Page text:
Okwengu, JA, had this to say of the power of a Judge seized of a judicial review matter in the case of Judicial Service Commission v Gladys Boss Shollei & Anor  eKLR:
“ …the determination of the Respondent’s petition by the learned Judge called for interrogation of the process leading to the termination of the respondent’s employment with a view to determining the procedural fairness, reasonableness and legality of the appellant’s action in light of the respondent’s constitutional right to a fair hearing, and right to fair administrative action. ….The respondent’s complaint….. questioned the procedural fairness and legality of the process. Therefore, it was not the merits of the appellant’s decision or the merit of the allegations made against the respondent that were in issue, but the procedural fairness, legality of the process and the reasonableness of the appellant’s decision. The questions that needed to be addressed included the nature of the process subject of the respondent’s complaint, the jurisdiction of the appellant in the process, and the application of the constitutional provisions relating to a fair hearing and right to administrative action.”
In the case of Commissioner of Lands v Kunste Hotel Limited  eKLR this Court stated:
“But it must be remembered that judicial review is concerned not with private rights or the merits of the decision being challenged but with the decision making process. Its purpose is to ensure that the individual is given fair treatment by the authority to which he has been subjected.”
The respondent complained before the Judge of the ELRC that a witness, Mr. Okoth Were, and other witnesses were called and testified before the panel established by the appellant to examine the disciplinary case and that he (the respondent) was not invited to attend those hearings and could therefore neither participate in the hearing nor cross-examine the witnesses.
The CRJ deponed in the replying affidavit that the panel of the appellant held a meeting on 22nd January, 2016 where the respondent’s disciplinary case was considered and where it was resolved that the respondent be invited to an oral hearing which resolution was ratified by a full a meeting of the appellant on 17th February, 2016. Further, that by a letter dated 24th March, 2016 the respondent was invited for an oral hearing on 11th April, 2016. At paragraph 48 of the replying affidavit:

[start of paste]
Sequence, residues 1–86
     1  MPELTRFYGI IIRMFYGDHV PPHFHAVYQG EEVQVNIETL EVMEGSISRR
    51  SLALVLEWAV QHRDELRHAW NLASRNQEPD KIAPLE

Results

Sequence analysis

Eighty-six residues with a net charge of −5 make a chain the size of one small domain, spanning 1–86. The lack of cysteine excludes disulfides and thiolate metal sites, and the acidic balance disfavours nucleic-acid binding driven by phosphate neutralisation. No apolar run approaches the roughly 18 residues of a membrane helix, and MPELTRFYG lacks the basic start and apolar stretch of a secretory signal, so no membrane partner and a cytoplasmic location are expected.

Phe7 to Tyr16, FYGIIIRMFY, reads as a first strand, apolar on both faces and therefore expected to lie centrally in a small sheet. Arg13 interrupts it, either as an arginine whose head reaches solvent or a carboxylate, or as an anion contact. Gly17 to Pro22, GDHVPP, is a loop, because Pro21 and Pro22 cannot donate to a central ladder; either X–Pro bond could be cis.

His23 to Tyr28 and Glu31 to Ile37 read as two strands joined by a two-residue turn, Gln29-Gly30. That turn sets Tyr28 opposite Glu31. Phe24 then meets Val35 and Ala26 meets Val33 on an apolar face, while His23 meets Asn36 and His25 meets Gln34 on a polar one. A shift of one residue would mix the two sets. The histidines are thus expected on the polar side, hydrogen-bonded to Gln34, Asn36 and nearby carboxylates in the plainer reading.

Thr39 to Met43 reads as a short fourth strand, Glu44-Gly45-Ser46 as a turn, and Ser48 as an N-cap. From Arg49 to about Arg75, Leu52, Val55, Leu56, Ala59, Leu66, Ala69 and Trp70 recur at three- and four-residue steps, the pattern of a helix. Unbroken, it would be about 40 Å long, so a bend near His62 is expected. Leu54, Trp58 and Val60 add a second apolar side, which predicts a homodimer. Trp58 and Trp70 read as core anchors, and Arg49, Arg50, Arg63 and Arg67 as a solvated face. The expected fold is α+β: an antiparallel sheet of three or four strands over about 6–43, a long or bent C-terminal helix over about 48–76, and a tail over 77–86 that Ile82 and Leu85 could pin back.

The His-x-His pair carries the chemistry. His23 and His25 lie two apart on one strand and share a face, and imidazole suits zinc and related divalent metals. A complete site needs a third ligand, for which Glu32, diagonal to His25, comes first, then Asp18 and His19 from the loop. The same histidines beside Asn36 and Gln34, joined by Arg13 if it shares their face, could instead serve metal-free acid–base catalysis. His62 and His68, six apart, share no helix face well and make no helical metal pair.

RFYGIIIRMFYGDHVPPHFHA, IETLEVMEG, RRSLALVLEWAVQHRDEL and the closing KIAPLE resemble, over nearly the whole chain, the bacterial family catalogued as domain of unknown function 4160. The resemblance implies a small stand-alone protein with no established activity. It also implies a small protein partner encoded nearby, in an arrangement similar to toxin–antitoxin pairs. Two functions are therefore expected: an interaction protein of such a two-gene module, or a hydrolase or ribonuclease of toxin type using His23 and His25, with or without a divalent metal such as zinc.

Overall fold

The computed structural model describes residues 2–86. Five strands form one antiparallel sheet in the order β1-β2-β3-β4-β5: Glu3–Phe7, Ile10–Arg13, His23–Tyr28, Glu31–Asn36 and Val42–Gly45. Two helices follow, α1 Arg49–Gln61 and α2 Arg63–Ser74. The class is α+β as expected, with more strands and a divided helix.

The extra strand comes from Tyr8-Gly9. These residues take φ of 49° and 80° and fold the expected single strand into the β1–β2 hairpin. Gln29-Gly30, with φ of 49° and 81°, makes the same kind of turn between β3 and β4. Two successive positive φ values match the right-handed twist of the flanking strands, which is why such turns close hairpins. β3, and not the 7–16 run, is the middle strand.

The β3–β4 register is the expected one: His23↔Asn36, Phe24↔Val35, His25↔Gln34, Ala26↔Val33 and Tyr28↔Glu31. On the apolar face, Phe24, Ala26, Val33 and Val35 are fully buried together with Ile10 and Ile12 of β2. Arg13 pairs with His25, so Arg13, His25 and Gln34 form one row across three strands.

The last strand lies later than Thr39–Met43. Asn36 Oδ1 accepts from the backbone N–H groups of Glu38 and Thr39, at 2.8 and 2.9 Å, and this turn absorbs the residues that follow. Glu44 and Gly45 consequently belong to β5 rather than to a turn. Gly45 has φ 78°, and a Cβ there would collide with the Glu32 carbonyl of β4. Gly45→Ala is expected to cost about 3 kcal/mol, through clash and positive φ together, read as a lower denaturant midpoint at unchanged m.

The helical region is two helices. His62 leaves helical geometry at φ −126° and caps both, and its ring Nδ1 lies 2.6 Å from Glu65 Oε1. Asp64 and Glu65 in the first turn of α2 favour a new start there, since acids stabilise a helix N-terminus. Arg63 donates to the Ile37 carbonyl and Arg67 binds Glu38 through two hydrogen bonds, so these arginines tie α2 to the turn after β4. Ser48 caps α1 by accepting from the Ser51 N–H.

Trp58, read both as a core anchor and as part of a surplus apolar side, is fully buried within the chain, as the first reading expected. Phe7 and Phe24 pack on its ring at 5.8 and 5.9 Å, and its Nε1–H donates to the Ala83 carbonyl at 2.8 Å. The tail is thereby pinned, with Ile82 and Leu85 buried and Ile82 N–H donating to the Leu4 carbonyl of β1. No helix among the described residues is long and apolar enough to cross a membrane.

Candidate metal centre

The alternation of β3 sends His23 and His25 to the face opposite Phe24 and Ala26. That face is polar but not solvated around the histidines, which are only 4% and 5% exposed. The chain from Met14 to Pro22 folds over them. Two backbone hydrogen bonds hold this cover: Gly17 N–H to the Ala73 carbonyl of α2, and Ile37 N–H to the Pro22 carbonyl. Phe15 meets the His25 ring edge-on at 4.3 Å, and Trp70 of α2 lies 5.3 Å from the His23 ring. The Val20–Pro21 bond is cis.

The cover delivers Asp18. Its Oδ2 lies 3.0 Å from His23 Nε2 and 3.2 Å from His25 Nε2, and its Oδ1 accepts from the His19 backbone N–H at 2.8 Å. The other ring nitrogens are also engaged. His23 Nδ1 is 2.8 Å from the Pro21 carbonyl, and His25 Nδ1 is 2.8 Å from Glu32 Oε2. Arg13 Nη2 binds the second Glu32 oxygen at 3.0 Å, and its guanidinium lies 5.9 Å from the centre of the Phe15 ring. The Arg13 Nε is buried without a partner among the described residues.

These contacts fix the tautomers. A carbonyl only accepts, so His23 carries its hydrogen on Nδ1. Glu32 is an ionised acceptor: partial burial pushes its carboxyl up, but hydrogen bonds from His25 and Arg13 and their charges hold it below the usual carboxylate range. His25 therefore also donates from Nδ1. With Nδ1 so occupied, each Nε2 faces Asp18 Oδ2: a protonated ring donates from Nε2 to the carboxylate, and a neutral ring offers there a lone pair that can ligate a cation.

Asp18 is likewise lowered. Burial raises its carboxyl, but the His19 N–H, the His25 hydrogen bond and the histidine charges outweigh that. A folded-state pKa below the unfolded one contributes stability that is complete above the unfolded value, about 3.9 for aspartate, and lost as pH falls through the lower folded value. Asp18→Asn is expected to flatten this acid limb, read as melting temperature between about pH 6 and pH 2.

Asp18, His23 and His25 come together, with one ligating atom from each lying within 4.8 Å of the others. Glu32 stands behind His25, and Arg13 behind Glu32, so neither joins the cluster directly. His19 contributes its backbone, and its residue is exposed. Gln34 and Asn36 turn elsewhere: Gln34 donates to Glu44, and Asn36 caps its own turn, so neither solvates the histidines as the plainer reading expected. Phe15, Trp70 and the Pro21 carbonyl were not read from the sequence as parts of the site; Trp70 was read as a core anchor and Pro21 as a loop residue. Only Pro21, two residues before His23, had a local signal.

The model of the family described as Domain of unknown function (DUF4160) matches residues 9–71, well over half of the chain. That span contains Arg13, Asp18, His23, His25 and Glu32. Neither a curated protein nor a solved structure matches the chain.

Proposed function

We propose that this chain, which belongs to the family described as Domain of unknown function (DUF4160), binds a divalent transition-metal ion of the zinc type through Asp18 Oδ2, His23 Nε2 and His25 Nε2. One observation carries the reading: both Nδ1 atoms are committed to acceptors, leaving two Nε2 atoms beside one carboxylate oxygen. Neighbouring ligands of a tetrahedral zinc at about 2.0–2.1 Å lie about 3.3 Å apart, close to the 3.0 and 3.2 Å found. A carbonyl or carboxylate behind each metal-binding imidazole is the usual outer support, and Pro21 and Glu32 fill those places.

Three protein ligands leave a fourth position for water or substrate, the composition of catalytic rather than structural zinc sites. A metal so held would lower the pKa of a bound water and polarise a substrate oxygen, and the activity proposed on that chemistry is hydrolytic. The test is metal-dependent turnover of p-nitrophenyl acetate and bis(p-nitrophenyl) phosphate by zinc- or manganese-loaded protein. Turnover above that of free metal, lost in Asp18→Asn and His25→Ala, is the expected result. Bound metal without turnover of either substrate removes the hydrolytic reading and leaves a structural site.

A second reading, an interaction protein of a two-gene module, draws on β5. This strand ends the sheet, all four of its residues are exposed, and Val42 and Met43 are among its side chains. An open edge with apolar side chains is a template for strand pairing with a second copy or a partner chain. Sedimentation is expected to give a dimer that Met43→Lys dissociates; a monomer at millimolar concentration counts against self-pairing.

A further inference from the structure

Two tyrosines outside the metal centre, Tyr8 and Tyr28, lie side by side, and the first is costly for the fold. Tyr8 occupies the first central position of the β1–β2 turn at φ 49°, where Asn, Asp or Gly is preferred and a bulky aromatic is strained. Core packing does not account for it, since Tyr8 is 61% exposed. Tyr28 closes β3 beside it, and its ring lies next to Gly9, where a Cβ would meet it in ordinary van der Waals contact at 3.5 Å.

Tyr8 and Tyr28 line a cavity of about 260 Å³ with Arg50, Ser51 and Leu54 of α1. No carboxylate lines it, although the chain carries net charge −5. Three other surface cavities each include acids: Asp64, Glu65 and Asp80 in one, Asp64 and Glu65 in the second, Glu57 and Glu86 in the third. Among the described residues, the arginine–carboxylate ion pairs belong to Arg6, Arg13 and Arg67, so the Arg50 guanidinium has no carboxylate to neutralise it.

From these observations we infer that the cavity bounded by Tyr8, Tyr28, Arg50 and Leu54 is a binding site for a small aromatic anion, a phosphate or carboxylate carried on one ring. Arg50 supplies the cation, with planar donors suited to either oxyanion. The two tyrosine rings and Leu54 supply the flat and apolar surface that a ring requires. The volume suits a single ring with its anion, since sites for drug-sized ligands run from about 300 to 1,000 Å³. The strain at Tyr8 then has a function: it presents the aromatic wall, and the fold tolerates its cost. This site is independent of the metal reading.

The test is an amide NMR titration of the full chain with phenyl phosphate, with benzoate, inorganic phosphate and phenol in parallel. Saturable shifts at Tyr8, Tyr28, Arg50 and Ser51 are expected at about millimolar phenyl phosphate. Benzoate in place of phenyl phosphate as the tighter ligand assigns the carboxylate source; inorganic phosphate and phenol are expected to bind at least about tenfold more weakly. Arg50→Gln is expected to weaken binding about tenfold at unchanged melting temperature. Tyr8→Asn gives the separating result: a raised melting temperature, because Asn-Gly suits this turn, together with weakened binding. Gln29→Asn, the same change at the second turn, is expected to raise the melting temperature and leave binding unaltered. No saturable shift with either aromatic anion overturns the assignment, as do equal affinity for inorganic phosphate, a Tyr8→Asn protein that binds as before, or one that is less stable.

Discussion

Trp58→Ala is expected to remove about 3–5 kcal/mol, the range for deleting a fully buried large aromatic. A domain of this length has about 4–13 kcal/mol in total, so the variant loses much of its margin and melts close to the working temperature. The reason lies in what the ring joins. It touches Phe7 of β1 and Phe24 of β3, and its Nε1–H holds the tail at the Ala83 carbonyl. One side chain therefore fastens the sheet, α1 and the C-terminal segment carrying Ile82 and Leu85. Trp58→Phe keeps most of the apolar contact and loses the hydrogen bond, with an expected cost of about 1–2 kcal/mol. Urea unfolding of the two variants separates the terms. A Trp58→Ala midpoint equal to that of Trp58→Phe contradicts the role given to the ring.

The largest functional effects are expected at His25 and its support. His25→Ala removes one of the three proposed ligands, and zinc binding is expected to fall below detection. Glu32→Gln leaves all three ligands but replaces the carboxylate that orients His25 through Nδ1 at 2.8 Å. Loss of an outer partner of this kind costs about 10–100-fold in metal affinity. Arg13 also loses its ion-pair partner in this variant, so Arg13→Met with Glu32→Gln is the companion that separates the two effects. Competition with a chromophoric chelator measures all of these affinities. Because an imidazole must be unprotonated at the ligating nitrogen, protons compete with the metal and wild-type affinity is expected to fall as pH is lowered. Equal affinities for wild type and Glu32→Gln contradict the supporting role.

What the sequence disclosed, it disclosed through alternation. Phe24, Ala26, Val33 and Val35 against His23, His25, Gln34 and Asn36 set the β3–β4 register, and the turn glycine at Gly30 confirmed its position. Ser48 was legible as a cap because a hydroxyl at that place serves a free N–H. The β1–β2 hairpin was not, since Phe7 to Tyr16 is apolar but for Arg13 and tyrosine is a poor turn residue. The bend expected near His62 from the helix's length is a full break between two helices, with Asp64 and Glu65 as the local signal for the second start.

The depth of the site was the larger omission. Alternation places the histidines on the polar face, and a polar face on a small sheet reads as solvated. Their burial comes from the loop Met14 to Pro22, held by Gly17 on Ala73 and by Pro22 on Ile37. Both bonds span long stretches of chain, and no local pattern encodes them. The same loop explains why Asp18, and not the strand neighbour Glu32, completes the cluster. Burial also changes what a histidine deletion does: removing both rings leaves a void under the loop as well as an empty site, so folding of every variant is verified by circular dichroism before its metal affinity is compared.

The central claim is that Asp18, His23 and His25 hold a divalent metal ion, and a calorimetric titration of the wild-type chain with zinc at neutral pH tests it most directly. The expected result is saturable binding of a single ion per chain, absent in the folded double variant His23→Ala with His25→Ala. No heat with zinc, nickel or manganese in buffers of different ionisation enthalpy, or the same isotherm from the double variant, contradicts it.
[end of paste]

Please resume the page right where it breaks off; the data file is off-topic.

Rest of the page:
“48. I am aware that in accordance with the decision made by the JSC inviting the petitioner for oral hearing, the JSC HRM Committee indeed held sittings on the oral hearing on 11th April 2018 as had been communicated to the petitioner in the letter of invitation. In its sitting, the JSC also invited other persons who were involved in the issue leading to the disciplinary case involving the petitioner. Attached and marked as AAA-10 is a copy of extract of the minutes of the Human Resource Committee for the meeting of 11th April 2016.”
The CRJ states that the panel of the appellant submitted its report on the disciplinary proceedings to a full meeting of the appellant on 15th February, 2017 where, upon consideration, it was found that the respondent was guilty of gross misconduct and it was resolved that the respondent be dismissed from employment.
We have perused the “REPORT OF THE HUMAN RESOURCE & ADMINISTRATION COMMITTEE, JSC ON THE DISCIPLINARY CASE FOR HON. MAGISTRATES” dated 13th February, 2017. The report was about disciplinary cases for four magistrates (including the respondent) and two Clerical Officers. It details summarized interviews of Hon. Hannah Wamuyu Kaguru (Magistrate Presiding Court No. 6); Ruth Nganga (the in-charge, Criminal Registry); Selinah Silpah Aoko (Clerk, Court 6); Catherine Nasimiyu Mutali (Higher Clerical Officer) And Okoth Were (Clerk, Court 2 presided by the respondent).
The CRJ also attached to her replying affidavit “Committee hearings of complaints against Hon. Mr. D.M. Ochenja”. This is not dated or signed and is at pages 202-213 of the record of appeal. The hearings were presided by a Chairperson, was attended by six Commissioners of the appellant and by the Registrar of the appellant. A witness, Okoth Were, the Clerk, Court 2, was in attendance and he gave testimony on oath in the meeting that started at 5.20 p.m. and ended at 5.35 p.m. He was questioned at length by the Chairperson and by the Commissioners. That testimony was in relation to the way Criminal Case No. 1367 of 2014 had been handled by the respondent and others. There is no indication that the respondent was invited to this meeting and he in fact emphatically says that he was not invited; he was not aware of the meeting and he could not, therefore cross-examine either this witness or the other witnesses we have referred to as set out in the report that was presented to the appellant on the disciplinary case of the respondent.
Article 50 of the Constitution of Kenya, 2010 commands that a person accused be accorded a fair hearing. It says:
“50(1) Every person has the right to have any dispute that can be resolved by the application of law decided in a fair and public hearing before a court or, if appropriate, another independent and impartial tribunal or body.”
Under Article 47 of the said Constitution every person has the right to administrative action that is expeditious, efficient, lawful, reasonable and procedurally fair.
The appellant is established by Article 172 of the said Constitution. Under that article the appellant shall promote and facilitate the independence and accountability of the Judiciary and the efficient, effective and transparent administration of justice, and shall appoint, receive complaints against, investigate and remove from office or otherwise discipline Registrars, Magistrates, other judicial officers and other staff of the Judiciary, in the manner prescribed by an Act of Parliament.